• You know your kids more than nobody. So, sure that you can play with them in both versions. Even without rules! wink

I hope it helps.

PS: Joachim, your "rules explained" should be in the basic book. Thanks!

BluSponge blusp...
BluSponge blusponge@verizon.net's picture

a) It really depends on what you are looking for in a tabletop RPG.  Lots of folks love it.  Some folks look at it and think, "what in holy hell is this mess?"  I think there are DEFINITE aspects that are an improvement (character creation!).  But the core system is different enough, its a wash.  It would be like saying Trouble is an improvement on Go Fish. 

b) Kind of.  The world fluff has changed a bit between 1st and 2nd editions, but there is still A LOT in 1st ed that you can drop in with ease.  But as others have pointed out, that's ALL you'll be able to use – the setting info.  The great thing about 7th Sea is you can get a lot of mileage right out of the core book.  And I believe all the Théah material is there in the core rules (which corresponds nicely to the material in the 1st ed PG and GMG).

Villains are easy once you grok the rules.  Don't bother trying to convert, just play it by ear.

c) I think 2e is a better system for kids and people new to RPGs.  It's much more stripped down and easy to grok on the player end.  Is it a better system for us grizzled veterans?  It's different.  Let's stick to that.  But yes, if I were starting fresh with a group of teens with limited experience, I'd go with 2nd edition.  The new system really is about collaborative storytelling.  And don't get me wrong, my players are all veterans of a long line of fancy tactical game systems and they are loving it.  There is a lot in the new system that is very liberating, for the player and GM alike.  But if you are used to traditional tabletop rpgs (D&D, savage worlds, GURPS...) it will be outside of your comfort zone.  You will second guess every single thing you do.  We are probably 10 sessions into our game and I'm FINALLY starting to feel comfortable with running the game.  Not because its hard, but because it works against so many of my establish habits and expectations of how to run a game.

d) YES!  Don't do it.  That way leads to madness.

If you DO decide to go with 1st edition, I highly recommend you make all the characters.  Let your kids tell you what they want to play, but you do the building.  With 2nd ed, I think chargen is fast and easy enough for the whole table.

NeoTanuki's picture

Hey Krystal,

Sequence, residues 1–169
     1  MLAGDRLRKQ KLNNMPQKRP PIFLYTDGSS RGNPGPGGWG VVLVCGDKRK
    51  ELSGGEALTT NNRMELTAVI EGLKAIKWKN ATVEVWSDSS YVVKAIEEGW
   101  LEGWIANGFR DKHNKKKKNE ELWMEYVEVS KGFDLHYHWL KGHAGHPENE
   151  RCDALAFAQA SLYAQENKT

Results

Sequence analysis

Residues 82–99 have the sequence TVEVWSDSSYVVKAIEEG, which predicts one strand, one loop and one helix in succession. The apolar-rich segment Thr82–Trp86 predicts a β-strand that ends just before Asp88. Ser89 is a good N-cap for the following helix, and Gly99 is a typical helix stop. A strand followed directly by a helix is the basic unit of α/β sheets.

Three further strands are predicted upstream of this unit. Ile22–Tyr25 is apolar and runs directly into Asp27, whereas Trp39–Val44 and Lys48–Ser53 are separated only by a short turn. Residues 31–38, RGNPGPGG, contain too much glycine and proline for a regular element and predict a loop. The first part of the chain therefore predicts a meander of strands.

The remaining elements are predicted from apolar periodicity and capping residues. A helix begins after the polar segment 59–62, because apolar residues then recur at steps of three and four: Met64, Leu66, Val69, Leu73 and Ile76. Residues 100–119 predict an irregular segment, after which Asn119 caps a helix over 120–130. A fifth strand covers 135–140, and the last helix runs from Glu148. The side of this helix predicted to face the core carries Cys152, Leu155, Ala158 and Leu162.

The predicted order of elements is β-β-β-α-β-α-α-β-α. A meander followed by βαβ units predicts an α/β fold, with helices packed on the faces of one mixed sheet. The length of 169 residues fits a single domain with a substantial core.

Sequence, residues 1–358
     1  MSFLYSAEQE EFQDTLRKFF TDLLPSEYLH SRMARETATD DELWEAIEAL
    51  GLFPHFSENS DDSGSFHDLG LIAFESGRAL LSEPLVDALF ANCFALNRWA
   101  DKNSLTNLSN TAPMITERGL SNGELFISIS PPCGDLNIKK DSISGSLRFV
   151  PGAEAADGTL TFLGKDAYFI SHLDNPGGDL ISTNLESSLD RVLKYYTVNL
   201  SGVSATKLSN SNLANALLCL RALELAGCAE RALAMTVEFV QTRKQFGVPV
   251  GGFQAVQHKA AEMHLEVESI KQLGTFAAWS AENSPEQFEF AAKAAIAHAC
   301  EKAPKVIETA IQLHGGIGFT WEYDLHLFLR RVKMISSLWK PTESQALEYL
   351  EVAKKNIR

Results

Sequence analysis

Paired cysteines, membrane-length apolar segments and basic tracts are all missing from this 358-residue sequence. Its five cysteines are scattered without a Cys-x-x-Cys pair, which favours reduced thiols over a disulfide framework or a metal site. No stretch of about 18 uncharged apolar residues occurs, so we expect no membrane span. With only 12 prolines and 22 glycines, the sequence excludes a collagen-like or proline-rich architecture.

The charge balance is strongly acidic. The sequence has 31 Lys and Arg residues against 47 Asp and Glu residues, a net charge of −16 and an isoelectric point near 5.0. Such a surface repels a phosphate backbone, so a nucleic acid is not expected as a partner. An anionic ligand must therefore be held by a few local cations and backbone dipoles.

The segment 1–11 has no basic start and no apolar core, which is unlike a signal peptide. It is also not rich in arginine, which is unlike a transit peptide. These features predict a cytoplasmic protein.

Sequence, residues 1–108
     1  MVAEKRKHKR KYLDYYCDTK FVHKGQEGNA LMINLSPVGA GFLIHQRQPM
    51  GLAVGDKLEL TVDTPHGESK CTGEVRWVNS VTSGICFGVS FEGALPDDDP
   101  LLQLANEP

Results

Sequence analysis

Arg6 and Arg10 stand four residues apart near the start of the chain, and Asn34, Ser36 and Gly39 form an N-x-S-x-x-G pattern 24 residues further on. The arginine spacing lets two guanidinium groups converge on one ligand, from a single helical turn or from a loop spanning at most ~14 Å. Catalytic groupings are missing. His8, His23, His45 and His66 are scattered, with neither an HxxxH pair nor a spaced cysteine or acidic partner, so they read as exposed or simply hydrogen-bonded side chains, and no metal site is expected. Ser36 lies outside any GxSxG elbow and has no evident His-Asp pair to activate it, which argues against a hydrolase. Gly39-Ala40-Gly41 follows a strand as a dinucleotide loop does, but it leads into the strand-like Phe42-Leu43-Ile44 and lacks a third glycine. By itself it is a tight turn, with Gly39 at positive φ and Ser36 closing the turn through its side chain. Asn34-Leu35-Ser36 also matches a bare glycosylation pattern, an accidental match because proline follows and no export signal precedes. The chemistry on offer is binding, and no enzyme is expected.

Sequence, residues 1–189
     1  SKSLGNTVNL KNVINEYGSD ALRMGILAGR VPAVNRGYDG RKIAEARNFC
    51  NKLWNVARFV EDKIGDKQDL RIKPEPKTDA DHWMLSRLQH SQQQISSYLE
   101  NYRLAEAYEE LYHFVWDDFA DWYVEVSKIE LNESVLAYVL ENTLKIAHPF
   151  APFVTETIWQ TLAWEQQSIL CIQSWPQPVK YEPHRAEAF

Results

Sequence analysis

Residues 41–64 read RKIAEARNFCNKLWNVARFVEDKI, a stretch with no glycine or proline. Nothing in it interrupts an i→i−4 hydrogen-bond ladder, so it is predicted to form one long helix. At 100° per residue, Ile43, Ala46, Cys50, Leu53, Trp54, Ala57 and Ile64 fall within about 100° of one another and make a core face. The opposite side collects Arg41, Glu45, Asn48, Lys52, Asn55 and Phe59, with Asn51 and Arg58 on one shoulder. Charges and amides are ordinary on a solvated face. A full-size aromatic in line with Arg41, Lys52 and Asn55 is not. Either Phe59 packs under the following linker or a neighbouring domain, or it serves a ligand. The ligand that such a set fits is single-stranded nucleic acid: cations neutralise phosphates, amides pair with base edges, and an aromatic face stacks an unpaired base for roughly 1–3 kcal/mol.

As an old-time 1e GM/player who has switched over to 2e, here are my personal impressions of the game. Others' mileage may vary. :)

A. I loved the 1e books and backstory, but also found the rules very clunky in some areas (Character creation, combat initiative, buying skills, etc.). For me 2e has been significantly easier and faster for creating new characters and run sessions. I also strongly feel that starting characters are much more fun to play from the get-go in 2e. I always felt that 1e skewed character creation so that players were always second fiddle  and weaker than canon NPCs stealing the spotlight in the sourcebooks.

B. I don't think you would have any problem using the old 1e background if you wish to (though 2e has changed a few things; it would be up to you what elements of the world and story you prefer to use). You would need to come up with new stats for the 1e Villain NPCs, but villain stats are greatly simplified in 2e.

C. I strongly feel that 2e is better for new players. If the GM has a good grasp of the 2e system, I think it's better for kids too. 2e is much more focused on letting the players tell stories and describe themselves doing heroic things, and less emphasis on following strict rules and crunchy mechanical simulation. My friend ran a game for her kids ages around 10 and 8 years old, letting them play 7th Sea 2e versions of Zorro and the Three Musketeers, and she said they had a terrific time with the system. 

D. In my opinion, starting with 1e and switching to 2ed would be very confusing for new players. I would suggest use the 2e rules/character creation with the backstory/locations/history from your 1e books, if you want to stick to the 1e continuity. 

Krystal Stoll
Krystal Stoll's picture

Thanks everyone for the help!  

I read your comments and was all ready to switch to 2e and make it work for me.  Then I read through the sorcery, and I knew I was sunk.  Two of my kids want to play Ussuran shapeshifters (no surprise there, I suppose).   I presented them with the choice anyway, and talked up the benefits of switching, but no dice.  They want to stick with 1e, so that's where we'll be for awhile.

Thank you anyway--perhaps when they get older we'll revisit.  :) 

In the meantime, does anyone know of an active forum for 1e?  I suspect I'll have a few questions in the days to come. 

BluSponge blusp...
BluSponge blusponge@verizon.net's picture

You did point out that 2e has shapeshifters, right?  Plus they get other cool benefits.

Transformation (Core Rules, pg 218)

Select a form from the Animal Forms sidebar. You may take the form of that creature for the Scene. Your skills, knowledge, and abilities are all retained in your new form—although they may be limited, such as Weaponry being unusable if you cannot hold weapons. If the animal’s form would be particularly advantageous (such as trying to avoid notice while you are in the form of a mouse), you gain 2 Bonus Dice. 

NeoTanuki's picture
Sorry to come back late, but I'd also point out that starting Ussuran sorcerers cannot shapeshift in 1e until they build up experience later-they can only speak with animals at first. As BluSponge pointed out, starting 2e characters can begin as shapeshifters.
Rossbert's picture

That is a general trend. 2nd Ed on the whole starts at what would have been the middle level in the 1st. You start as a master duelist have skills more than halfway to max, etc. It just takes out the starting build to competence bit.

share buttons